Chinese leader visits Turkey, Syria to top agenda
ANKARA - The Associated Press
China's Vice President Xi Jinping (L) shakes hands with Turkey's President Abdullah Gul as he arrives at the Presidential Palace in Ankara February 21, 2012. REUTERS PhotoChinese Vice President Xi Jinping was in Turkey on Tuesday, where he was sure to hear from Turkish leaders about their growing concerns over the raging violence in neighboring Syria.
Turkey's government says the world cannot remain silent in the face of Syrian President Bashar Assad's brutal crackdown on dissent. But China, along with Russia, has vetoed two Security Council resolutions backing Arab League plans aimed at ending the conflict and condemning Assad's crackdown on protests that killed 5,400 in 2011 alone, according to the U.N.
China on Saturday said it supports the League's proposals. The seemingly contradictory stance appears to reflect Beijing's desire for mediation while remaining averse to U.N. involvement that could lead to the authorization of force, as happened with Libya.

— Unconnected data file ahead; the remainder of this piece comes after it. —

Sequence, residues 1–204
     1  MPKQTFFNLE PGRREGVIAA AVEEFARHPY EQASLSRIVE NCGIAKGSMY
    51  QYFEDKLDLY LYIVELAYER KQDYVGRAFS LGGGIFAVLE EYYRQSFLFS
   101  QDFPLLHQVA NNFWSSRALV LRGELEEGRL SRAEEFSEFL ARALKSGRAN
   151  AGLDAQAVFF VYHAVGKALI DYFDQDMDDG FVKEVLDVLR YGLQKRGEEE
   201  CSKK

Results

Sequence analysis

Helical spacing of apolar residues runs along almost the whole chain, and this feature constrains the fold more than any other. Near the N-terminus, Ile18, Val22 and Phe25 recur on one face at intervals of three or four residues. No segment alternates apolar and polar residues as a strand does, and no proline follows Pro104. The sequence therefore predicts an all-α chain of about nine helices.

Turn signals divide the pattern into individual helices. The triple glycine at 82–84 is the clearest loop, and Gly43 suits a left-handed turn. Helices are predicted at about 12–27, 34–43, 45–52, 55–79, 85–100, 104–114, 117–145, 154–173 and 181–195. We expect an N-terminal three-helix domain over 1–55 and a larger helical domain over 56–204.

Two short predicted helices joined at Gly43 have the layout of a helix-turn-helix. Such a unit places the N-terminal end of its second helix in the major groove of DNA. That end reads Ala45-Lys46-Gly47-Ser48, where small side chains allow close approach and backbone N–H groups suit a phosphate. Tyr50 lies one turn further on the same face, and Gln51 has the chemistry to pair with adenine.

Xi, who is expected to become president of the world's most populous nation next year, will meet Turkish President Abdullah Gul and Prime Minister Recep Tayyip Erdogan to discuss bilateral and regional affairs. Turkey has repeatedly condemned what it calls atrocities in Syria and urged Assad to step down.
Turkey matters in the global debate about the bloodshed because of its 566-mile (911-kilometer) frontier with Syria, and because it has matured into a regional power and potential counter to Iran, a backer of Damascus. About 10,000 Syrians, fleeing the violence, have sought refuge in Turkey.
Xi was also expected to oversee the signing of cooperation agreements with Turkey.
Earlier in the day, some 100 Uighurs set two Chinese flags on fire and stamped on them in a protest against China's crackdown on the minority group in China's Xinjiang region. Uighurs are related to Turks and Turkey is home to a large Uighur community.
Violence between Muslim Uighurs and Han Chinese left nearly 200 dead in western China in 2009 in the worst riots in China's far west in more than a decade.